Visitors climb through Carsten Höllers Decision Tubes (2019), mesh tunnels suspended in the atrium of the Museo Tamayo
Photo: ©Gil Camargo/ @_gilcamargo
In the hot sun outside Mexico Citys Museo Tamayo, I squint up at Giant Triple Mushroom, Carsten Höllerssculpture perched on the roof of the museum. As the finishing touches are being made on his first Mexican retrospective, Sunday, Höller gives me a sunburned smile and says: “Its kind of a trap.” To reach the sculpture, visitors must climb through Decision Tubes (2019), mesh tunnels suspended in the atrium that lead to different parts of the museum. Over the past three decades, Höller has become known for his carnivalesque installations that playfully disorient visitors. Sunday does just that, with flashing lights, moving walls, mirrors, and mysterious pills.
These effects may not be pleasant, but for Höller, that is ideal. “I want to force you to get under the influence of what this does to you,” he says about the shows most nauseating work, Light Wall (2000/2017), a floor-to-ceiling installation of light bulbs flashing on and off 7.8 times per second. He recommends visitors close their eyes to induce hallucinations. “I want you to feel like this is going on forever, wherever you are, its never going to be stable again.” As we linger in this room, yellow and blue tones begin to emerge and zigzagging diamond patterns waft across my retinas.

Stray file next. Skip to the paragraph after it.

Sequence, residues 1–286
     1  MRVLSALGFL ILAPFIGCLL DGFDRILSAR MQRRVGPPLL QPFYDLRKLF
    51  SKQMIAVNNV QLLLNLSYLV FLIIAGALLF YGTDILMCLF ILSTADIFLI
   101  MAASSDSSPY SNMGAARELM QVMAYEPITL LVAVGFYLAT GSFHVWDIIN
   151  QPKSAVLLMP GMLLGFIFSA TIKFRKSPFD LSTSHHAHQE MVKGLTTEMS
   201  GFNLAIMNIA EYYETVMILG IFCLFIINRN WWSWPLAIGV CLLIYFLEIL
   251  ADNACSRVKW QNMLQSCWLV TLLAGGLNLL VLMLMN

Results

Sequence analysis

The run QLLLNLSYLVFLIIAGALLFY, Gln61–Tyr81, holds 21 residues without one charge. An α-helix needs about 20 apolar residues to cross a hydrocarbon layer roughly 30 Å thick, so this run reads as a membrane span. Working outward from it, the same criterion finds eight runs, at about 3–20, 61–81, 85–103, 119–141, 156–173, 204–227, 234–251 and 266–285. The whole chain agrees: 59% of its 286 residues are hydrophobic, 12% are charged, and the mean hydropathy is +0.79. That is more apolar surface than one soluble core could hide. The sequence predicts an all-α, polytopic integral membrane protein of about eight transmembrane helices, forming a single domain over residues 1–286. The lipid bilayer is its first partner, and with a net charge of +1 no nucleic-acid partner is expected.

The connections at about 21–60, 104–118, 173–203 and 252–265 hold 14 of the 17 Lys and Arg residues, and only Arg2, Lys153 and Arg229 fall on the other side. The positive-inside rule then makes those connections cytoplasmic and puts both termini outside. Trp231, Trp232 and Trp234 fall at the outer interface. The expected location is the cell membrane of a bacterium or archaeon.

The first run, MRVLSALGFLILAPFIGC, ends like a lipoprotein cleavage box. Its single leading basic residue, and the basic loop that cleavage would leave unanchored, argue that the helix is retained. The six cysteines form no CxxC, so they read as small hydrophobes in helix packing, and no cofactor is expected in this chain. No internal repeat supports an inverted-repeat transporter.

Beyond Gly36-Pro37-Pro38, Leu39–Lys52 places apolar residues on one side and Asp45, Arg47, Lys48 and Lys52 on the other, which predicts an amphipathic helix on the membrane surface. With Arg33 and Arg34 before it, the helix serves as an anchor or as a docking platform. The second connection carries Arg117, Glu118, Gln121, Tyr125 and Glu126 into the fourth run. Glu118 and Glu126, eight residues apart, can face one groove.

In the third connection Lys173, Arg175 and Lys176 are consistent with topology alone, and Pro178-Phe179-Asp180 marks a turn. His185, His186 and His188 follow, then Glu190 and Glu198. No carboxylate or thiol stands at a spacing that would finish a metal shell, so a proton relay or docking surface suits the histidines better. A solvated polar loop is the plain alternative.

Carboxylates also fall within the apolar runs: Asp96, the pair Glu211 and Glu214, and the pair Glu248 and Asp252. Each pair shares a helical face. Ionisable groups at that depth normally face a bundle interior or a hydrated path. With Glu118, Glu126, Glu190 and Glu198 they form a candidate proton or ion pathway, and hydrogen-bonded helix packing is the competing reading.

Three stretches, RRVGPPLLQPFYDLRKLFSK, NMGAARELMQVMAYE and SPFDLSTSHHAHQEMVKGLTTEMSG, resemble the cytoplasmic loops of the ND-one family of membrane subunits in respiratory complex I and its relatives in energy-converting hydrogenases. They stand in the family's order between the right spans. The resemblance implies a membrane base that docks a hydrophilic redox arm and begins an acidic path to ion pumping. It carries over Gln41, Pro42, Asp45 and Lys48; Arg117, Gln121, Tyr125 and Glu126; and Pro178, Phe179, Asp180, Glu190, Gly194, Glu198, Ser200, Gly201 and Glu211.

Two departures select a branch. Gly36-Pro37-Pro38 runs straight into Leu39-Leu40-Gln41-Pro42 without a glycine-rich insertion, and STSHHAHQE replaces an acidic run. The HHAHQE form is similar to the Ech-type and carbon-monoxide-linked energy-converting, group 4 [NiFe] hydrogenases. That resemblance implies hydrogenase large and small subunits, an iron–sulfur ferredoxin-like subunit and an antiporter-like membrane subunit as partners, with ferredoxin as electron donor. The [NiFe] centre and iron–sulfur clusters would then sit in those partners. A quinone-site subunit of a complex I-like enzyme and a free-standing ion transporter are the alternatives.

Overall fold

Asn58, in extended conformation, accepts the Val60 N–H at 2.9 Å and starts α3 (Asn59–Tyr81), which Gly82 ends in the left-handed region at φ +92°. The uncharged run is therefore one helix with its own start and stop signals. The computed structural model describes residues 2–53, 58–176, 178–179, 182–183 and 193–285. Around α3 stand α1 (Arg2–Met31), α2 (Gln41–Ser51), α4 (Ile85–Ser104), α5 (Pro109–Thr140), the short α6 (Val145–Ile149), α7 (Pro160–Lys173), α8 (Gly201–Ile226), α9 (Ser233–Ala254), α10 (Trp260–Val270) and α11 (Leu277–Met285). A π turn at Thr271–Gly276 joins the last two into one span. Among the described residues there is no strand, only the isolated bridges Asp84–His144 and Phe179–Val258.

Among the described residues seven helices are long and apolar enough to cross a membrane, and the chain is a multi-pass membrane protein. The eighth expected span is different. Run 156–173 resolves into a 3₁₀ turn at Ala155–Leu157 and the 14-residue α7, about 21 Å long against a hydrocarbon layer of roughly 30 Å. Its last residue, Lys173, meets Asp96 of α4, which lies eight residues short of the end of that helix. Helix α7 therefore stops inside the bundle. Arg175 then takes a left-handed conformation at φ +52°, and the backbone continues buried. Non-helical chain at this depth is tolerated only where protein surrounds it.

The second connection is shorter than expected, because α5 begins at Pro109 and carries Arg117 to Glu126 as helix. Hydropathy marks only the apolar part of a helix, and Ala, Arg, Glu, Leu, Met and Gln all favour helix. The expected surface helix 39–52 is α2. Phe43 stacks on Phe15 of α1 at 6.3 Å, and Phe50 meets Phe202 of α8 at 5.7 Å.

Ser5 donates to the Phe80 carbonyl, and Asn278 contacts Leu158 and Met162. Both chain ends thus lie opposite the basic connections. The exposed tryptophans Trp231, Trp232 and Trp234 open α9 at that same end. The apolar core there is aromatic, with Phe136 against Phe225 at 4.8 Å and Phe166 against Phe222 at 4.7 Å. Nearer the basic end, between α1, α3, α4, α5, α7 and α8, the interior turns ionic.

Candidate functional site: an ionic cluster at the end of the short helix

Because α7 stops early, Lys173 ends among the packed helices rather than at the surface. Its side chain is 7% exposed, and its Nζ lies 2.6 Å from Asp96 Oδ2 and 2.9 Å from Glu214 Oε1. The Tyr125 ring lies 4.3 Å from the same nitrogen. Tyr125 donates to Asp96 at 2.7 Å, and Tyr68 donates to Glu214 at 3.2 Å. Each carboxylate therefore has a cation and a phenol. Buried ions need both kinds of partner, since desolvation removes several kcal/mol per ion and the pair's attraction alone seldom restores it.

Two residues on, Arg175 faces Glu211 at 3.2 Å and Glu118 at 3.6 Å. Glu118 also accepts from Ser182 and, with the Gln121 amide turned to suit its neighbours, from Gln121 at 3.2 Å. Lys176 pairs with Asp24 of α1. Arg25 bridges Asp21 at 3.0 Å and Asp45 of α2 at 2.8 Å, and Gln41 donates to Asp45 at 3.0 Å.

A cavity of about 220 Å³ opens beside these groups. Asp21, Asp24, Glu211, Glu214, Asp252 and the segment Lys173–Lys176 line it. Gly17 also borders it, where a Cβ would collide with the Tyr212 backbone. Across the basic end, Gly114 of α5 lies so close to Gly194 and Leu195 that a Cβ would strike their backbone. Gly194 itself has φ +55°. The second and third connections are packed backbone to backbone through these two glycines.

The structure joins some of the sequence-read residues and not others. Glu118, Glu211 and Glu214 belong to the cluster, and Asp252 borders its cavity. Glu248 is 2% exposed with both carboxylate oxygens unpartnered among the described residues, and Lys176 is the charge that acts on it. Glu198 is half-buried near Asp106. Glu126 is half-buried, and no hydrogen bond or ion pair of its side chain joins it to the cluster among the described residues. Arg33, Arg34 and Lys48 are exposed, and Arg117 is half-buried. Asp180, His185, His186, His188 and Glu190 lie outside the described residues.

While this works dizzying light frequencies brings colour to the minds eye, visions of lushness also abound just beyond the museums doors in Chapultepec Park. Scores of vendors line up to display mountains of colourful chips, spicy fruits, and plastic toys to families strolling the park. People swarm around the Museo Tamayo on the opening weekend of Höllers first major exhibition in Mexico, with attendance nearing around 6,000 visitors per day. The frenzy of entertainment inside the museum is a natural continuation of the spirited forms of public recreation outside.
Scores of vendors line up to display mountains of colourful chips, spicy fruits, and plastic toys to families strolling through Chapultepec Park
Photo: Vanessa Thill
Perhaps because of this, the most effective work in the exhibition is Swinging Spiral (2010/2016), a spiral-shaped wooden room hung from cables that hovers just above the ground. To enter or exit the space, visitors must squeeze through a tiny gap. Inside, the walls sway softly, creating a sea-legged sense of unease. The museum docent ushers me “adelante”, to go ahead into the spiral, toward a tiny dead-end nook for a rare moment of peace.
Large-scale architectural works tend to be Höllers forte, while the pieces that rely more specifically on pop culture come off as non sequitur and arbitrary. For example, Moving Image (1994-2004), a flickering slide projection of Mohammed Ali, is the only figurative image detectable in the exhibition. “Boxing is about movement,” Höller offers tentatively. I remain dubious of the function of this work, and the use of a black body as illustrative of a technical effect or abstracted dynamic. The absence of wall text in the exhibition leaves viewers guessing, causing several to write frustrated notes in the front desks comment book about difficulty navigating the show.
Yet provoking bewilderment is one of the artists primary goals. Red and white capsules drop from the ceiling into a pile in Pill Clock (2015), and viewers are encouraged to dose themselves. When I ask, “Whats inside?” he simply says, “Exactly.” It is hard to tell if these participatory, drug-themed works are offered ironically, especially given the recent spotlight on the Sackler familys art-washing of their opioid fortune. But Höllers work tends to candidly encourage a shift in perspective, ratherRead More – Source